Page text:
Thursday, August 16, 2007

On the Firing of US Attorneys for Resisting the Bush Administration

At the center of the maelstrom of public discontent over the firing of the US attorneys is the democratic concept of government officials serving at the pleasure of the US President. Since the controversy erupted, the Bush administration has continually insisted on the President’s prerogative to end the services of government officials who failed in conclusively securing the confidence of the President in implementing the policy agenda of the administration. In the case of the fired US attorneys, they were all deemed incapable of promoting the initiatives of the President, such as the Project Safe Neighborhoods and the filing of immigration cases against illegal aliens, according to Kyle Sampson, the recently resigned chief of staff of US Attorney-General Alberto Gonzales.

However, there has been much speculation from many sectors on the real basis of the seeming arbitrary act of President George W. Bush – that the attorneys were being pressured to help in the electoral campaign of the Republican Party. The fired attorneys themselves and Democratic Party members expectedly fed some of these speculations. Carol Lam, the former US attorney of San Diego, was believed to have been fired for her wide-ranging public corruption case that involved former Republican congressman, Randy "Duke" Cunningham of California. John McKay, the former US attorney of Seattle, was supposedly fired for his refusal to prosecute voter fraud cases after the 2004 Washington gubernatorial elections where the Republican candidate narrowly lost. Moreover, David Iglesias, the former US attorney in Albuquerque, N.M., received relentless harassing phone calls from Republicans in Congress for his failure to bring cases against Democratic candidates especially election-year investigations. These serious assertions of unwanted political influence by the Bush administration on the legal-judicial functions of the US attorneys utterly pale the statements of the Office of the Attorney-General that their relief was performance-related. In the case of Atty. Lam, no conclusive proof was ever shown that she abdicated her responsibility in enforcing the policy initiatives of the Bush administration on gun control and immigration, nor did the Justice Department ever bring their complaints to the attention of the relieved US attorney.

On the other hand, the Senate investigation on the issue has yielded much information that the White House itself had a direct hand in the decision to fire the US Attorneys, especially as political adviser Karl Rove was involved, notwithstanding the exchange of correspondence and documents between the White House and Justice Department prior to the decision. Even Sampson complained about such a heavy-handed manner of political influence and collusion among members of the Republican Party, specifically the case of Republican Sen. Domenici in which he hurriedly sent over names of new persons for prospective appointment for the vacated post of Atty. Iglesias in Albuquerque.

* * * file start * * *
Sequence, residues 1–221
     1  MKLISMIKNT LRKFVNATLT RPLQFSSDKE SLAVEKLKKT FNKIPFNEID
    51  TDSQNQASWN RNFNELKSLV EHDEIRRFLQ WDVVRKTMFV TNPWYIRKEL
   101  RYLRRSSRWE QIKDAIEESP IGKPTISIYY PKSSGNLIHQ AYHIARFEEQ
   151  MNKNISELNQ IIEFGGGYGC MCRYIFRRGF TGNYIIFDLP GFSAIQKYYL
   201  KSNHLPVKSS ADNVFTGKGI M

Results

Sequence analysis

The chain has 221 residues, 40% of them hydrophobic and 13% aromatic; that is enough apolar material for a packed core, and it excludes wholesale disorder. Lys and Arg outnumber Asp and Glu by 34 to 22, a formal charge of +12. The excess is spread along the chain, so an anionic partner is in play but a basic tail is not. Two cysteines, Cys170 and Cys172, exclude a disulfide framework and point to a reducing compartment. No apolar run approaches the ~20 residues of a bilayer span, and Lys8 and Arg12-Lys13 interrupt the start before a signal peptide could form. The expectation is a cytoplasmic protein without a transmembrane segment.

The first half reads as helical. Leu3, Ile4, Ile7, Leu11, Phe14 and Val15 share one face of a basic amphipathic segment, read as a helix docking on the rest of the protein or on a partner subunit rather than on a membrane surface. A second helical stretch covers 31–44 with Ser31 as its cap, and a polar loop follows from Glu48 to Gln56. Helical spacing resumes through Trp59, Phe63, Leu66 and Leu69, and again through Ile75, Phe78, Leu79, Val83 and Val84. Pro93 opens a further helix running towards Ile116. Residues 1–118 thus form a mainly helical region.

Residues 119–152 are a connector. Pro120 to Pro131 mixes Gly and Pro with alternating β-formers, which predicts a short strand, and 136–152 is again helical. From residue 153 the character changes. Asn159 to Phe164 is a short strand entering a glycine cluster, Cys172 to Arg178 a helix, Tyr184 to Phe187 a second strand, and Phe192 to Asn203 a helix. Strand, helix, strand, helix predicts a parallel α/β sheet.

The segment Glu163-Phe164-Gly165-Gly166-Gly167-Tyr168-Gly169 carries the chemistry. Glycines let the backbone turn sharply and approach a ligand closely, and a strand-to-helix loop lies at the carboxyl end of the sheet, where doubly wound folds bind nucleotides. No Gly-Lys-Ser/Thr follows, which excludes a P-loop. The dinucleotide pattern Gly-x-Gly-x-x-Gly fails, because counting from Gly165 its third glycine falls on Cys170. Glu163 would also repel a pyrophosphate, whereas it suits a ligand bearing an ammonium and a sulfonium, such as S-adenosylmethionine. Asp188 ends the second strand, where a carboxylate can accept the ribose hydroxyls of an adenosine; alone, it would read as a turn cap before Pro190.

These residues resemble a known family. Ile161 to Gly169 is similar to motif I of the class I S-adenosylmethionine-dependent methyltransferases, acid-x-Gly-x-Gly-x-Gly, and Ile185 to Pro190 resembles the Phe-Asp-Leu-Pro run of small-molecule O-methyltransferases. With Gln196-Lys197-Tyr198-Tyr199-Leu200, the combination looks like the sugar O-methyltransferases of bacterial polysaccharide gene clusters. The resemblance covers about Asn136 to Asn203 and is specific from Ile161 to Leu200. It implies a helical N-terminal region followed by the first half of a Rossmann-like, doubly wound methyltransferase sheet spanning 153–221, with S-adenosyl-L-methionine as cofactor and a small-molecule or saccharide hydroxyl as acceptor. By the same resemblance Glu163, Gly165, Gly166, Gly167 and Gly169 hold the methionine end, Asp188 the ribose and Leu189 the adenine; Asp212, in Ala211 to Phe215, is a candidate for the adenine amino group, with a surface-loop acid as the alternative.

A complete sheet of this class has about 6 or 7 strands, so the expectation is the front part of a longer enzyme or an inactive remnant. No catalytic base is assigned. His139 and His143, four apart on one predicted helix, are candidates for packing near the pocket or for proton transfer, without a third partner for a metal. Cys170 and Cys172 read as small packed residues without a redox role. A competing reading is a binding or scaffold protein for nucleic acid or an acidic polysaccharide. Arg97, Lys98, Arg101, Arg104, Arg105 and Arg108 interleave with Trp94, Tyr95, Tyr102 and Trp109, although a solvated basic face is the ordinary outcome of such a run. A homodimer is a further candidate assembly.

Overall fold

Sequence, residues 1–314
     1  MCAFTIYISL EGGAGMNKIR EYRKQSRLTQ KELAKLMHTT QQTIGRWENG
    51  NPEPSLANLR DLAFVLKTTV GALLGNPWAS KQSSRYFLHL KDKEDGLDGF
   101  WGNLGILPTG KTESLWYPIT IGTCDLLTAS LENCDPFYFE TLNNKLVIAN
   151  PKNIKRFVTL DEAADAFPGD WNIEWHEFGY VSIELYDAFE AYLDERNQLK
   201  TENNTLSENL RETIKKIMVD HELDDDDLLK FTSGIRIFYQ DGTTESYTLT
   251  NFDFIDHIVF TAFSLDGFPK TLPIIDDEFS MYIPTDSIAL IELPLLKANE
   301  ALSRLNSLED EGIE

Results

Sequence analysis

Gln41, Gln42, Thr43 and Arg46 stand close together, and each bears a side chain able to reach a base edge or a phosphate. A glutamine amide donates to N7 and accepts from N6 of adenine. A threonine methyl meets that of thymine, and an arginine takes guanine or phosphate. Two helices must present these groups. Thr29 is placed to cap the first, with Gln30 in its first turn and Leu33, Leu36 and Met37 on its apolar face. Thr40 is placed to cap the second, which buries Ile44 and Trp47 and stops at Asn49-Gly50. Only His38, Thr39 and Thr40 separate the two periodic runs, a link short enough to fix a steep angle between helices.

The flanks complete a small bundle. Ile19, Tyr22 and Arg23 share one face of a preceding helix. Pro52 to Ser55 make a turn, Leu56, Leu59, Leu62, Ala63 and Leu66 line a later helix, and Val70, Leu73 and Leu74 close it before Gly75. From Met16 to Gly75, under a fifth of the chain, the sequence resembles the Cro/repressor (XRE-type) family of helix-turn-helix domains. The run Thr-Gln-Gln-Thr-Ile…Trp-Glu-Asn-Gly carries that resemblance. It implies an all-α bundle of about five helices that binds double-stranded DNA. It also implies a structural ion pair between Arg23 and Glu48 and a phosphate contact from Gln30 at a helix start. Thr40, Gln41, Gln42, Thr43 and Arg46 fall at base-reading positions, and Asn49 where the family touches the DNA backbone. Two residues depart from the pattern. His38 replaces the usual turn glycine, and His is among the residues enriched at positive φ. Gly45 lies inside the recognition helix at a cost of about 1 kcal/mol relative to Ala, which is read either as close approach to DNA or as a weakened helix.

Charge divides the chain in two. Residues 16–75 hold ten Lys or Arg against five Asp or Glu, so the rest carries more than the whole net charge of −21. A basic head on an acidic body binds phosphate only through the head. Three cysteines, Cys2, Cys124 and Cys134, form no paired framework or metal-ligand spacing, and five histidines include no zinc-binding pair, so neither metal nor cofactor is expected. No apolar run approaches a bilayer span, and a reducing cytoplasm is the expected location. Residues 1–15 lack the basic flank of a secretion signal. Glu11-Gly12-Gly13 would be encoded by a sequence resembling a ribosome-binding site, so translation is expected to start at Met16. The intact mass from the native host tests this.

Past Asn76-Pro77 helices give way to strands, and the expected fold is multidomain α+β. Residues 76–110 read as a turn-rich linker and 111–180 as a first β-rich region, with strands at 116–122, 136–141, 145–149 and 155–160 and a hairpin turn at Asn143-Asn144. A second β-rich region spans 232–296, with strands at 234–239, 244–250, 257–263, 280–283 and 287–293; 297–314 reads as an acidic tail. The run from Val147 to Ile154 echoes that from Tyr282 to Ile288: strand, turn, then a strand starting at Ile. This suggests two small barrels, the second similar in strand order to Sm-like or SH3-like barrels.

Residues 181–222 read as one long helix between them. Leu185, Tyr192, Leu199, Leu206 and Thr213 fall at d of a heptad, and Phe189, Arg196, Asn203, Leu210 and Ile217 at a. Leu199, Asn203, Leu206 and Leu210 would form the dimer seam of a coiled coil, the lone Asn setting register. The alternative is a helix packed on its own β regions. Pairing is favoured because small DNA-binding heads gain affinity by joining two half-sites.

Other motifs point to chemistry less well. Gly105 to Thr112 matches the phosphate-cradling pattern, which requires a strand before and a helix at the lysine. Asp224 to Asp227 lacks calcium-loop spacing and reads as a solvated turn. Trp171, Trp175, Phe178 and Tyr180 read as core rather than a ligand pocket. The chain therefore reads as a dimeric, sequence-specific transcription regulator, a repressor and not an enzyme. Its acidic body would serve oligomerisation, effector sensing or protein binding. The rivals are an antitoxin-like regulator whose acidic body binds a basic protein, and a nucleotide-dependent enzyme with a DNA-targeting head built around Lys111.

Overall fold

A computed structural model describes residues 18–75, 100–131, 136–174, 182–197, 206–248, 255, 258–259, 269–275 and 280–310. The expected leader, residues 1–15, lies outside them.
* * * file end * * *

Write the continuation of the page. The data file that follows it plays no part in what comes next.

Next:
At present, the investigations continue and have since added more fire to an already deeply polarized American public insofar as the Bush administration and its policies are concerned.


A series of unfortunate events have relentlessly struck the Bush administration the past few months, since their defeat in the mid-term elections last year. The Iraq war, as it reached its fourth year last month, continues to cement greater public support for the withdrawal of US troops and repudiate President Bush’s future plans of increasing troop deployment in the war-torn region. More so, a very aggressive Democrat-led Senate and House of Representatives have been very effective in frustrating much of the administration’s policies, even if only in a symbolic fashion, to the extent that sectors, especially in the liberal left, are now proclaiming his lame-duck status. As these issues have already been giving the Bush administration major political headaches, the indiscriminate firing of US attorneys should never have been allowed to come to pass. The administration’s reasons are clearly indefensible, even if the official basis for the attorney’s relief was performance-related, as the particular circumstances of the attorneys showed the blatant political influence and intervention by the GOP on the official duties and functions of the attorneys. While it is true that US attorneys serve at the pleasure of the President, their duties cannot be directly interfered with for the political ends of the ruling party in government as it would run contrary to the very ends of justice, truth and fairness that all attorneys were sworn to uphold. More so, their loyalty to the government is not to President Bush himself, but to the Office he represents and all the democratic ideals, principles and policies subsumed under that Office. As a result of all these, the controversy has further discredited the Bush administration and fueled speculation that it is flouting the law for its own political benefit.

Works Cited:

  1. Grier, P. & Chaddock G. (2007). Firing of US attorneys: Was it too political?. The Christian Science Monitor. Retrieved from 16 April 2007.
  2. Pappu, S. (2007). Firing Line. Washington Post. Retrieved from dyn/content/article/2007/03/27/AR2007032702423_2.html. 16 April 2007.

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